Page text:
Why Sapper Mattered

Aldo Ballo / Alessi

Longtime design journalist and former editor of I.D. magazine Chee Pearlman chronicles the impact of a 20th-century titan whom we lost this winter.

It’s hard to think of a designer who has created as many iconic products as Richard Sapper. You might point to, say, Apple’s Jony Ive, who mints countless covetable designs for the tech brand and has won every honor bestowed on his profession. But Sapper, who died at 83 on December 31, in Milan, did in life what is increasingly difficult in an age of specialization: He seamlessly applied his talents across industries and scales, bringing intelligence and poetry to the mass production of computers and electronics, lighting and furniture, housewares and transportation.

Sapper was born in Munich in 1932 and launched his career in the styling department at Daimler-Benz, creating sleek rearview mirrors for the 300SL Roadster before deciding that corporate life wasn’t a fit. By 1959 he was living in Milan, where he attracted clients like department store La Rinascente, electronics brand Brionvega, and housewares giant Alessi. One of his early classics is the much imitated Tizio desk lamp for Artemide that powers its halogen bulb without wires through a transformer in the base. 

Postwar Italy was a remarkably fertile design hothouse where Sapper flourished. His stove-top 9090 espresso maker of 1978, the first to challenge the angular Bialetti found in every Italian household, and the sensual two-note whistling Bollitore teakettle for Alessi, both in the collection of the Museum of Modern Art, added to his growing number of museum-worthy accomplishments. By 1980, his reputation internationally secured, Sapper was appointed principal industrial design consultant at IBM with the mission to bring back some of the prestige of Big Blue’s early years. Sapper had his triumphs, including the first ThinkPad. But corporate America wasn’t easy to crack. “It’s much more common to find an executive in Italy who is interested in how his products look than it is to find such a person in America,” he told me during an interview for I.D. magazine in 1991. “Many people in America don’t really care about design...because perhaps these people have other interests, like sports, that make their lives enjoyable.”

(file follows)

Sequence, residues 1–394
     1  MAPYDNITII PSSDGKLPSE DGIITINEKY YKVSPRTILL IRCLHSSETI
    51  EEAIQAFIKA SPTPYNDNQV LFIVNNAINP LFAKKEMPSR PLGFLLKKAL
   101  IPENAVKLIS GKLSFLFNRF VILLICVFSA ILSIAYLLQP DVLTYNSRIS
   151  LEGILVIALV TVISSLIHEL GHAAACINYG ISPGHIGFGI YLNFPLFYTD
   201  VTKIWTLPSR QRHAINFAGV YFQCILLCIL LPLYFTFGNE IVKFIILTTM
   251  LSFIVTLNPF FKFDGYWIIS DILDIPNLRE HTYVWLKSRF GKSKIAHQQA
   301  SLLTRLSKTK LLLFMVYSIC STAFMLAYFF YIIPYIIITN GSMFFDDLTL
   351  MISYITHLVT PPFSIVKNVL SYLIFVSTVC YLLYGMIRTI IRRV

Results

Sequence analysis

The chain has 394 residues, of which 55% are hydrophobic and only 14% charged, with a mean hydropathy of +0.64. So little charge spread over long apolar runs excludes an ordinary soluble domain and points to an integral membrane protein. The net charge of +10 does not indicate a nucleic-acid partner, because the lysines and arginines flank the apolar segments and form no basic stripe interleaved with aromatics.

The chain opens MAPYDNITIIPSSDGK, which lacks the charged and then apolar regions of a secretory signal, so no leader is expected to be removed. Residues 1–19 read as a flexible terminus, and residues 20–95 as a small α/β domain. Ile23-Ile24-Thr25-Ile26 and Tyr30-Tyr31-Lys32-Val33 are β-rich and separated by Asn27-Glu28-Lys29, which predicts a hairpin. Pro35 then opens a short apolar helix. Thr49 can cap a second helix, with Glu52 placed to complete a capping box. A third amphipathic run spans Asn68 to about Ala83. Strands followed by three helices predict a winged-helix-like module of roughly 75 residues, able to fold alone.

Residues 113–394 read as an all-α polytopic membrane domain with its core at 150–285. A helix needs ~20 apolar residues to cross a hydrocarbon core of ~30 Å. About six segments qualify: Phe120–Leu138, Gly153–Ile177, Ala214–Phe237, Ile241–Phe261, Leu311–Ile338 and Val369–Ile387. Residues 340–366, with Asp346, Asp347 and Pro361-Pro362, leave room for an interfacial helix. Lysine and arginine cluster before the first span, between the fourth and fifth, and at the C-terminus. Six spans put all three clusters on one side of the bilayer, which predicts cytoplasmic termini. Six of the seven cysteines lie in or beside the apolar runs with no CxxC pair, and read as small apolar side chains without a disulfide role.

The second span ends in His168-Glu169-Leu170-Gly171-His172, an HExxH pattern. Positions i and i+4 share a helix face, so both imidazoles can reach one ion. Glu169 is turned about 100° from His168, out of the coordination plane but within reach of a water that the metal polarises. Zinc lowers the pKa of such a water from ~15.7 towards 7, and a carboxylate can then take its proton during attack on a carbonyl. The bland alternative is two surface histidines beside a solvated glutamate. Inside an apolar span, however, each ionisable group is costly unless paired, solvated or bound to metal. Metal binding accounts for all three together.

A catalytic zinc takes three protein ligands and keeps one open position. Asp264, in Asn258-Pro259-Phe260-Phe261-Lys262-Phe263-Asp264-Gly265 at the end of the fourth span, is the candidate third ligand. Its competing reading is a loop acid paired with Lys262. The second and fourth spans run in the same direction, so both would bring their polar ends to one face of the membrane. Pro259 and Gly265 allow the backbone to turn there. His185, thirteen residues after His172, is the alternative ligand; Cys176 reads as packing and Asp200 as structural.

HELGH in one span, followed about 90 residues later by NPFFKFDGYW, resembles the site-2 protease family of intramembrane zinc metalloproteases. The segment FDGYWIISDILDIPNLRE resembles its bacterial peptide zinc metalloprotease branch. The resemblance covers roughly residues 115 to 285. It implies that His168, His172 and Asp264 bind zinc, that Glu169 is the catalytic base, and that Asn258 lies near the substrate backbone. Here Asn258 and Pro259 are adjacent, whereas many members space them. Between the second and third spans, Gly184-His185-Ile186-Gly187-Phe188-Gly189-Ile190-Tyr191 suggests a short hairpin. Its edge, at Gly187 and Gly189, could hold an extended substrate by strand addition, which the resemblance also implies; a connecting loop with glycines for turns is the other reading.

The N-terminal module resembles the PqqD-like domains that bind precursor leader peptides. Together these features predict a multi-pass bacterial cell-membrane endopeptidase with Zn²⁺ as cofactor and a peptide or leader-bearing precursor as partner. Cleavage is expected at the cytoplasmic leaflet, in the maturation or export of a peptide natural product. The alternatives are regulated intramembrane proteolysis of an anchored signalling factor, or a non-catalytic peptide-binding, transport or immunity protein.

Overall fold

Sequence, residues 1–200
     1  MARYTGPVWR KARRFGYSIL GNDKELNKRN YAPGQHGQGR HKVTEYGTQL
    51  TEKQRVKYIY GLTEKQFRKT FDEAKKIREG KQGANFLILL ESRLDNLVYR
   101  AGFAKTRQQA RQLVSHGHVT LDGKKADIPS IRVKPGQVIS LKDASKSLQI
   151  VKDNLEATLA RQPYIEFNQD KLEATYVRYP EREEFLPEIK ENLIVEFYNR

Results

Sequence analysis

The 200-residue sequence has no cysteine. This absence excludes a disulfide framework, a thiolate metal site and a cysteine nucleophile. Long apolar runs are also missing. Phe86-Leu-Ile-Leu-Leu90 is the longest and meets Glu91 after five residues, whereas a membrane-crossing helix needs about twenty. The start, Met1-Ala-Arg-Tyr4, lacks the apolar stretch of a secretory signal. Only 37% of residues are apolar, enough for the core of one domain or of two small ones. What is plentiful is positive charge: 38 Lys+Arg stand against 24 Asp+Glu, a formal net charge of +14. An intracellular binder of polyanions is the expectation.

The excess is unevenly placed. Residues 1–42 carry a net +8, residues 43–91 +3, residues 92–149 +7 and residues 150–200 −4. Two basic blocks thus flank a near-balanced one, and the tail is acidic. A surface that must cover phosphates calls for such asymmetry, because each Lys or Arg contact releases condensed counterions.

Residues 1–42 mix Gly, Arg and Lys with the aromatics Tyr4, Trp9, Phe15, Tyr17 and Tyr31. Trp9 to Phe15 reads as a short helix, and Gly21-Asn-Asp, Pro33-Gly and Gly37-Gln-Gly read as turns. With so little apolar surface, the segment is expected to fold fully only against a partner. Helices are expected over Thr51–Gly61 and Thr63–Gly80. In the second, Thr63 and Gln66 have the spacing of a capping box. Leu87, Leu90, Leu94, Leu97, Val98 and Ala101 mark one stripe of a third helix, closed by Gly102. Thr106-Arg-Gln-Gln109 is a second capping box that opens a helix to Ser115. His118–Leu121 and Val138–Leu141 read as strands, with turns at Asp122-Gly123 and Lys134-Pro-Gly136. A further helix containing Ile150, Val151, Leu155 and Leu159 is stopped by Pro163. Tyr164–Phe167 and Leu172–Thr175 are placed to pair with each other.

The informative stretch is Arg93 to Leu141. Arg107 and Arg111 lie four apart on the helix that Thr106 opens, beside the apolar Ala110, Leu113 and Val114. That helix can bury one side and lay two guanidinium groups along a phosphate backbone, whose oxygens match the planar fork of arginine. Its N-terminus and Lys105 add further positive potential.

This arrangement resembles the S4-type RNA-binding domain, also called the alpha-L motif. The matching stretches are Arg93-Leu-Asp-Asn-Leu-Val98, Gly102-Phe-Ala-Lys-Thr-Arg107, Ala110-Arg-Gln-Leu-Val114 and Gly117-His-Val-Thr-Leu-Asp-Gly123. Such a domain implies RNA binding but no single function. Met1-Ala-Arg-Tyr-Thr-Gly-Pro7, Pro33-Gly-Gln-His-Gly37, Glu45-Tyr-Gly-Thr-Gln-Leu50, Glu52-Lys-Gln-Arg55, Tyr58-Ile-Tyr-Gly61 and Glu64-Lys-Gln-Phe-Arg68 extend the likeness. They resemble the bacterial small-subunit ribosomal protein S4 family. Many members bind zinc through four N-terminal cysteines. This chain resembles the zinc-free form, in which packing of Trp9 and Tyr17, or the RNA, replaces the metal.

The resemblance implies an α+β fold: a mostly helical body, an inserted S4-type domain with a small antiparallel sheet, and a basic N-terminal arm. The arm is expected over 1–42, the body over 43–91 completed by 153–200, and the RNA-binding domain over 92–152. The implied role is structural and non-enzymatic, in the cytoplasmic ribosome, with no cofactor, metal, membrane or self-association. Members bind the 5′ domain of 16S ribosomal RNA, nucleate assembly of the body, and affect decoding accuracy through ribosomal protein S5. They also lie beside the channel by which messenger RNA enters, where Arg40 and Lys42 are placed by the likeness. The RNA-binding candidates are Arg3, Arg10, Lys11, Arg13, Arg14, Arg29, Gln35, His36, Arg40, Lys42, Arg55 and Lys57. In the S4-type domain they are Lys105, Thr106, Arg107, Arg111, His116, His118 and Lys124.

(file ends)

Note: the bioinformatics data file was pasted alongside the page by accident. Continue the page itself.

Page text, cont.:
A new monograph, Richard Sapper, edited by designer Jonathan Olivares and produced in collaboration with the designer before his passing, in now out from Phaidon ($95, phaidon.com)

Image Credits: Getty Images / Artemide North America

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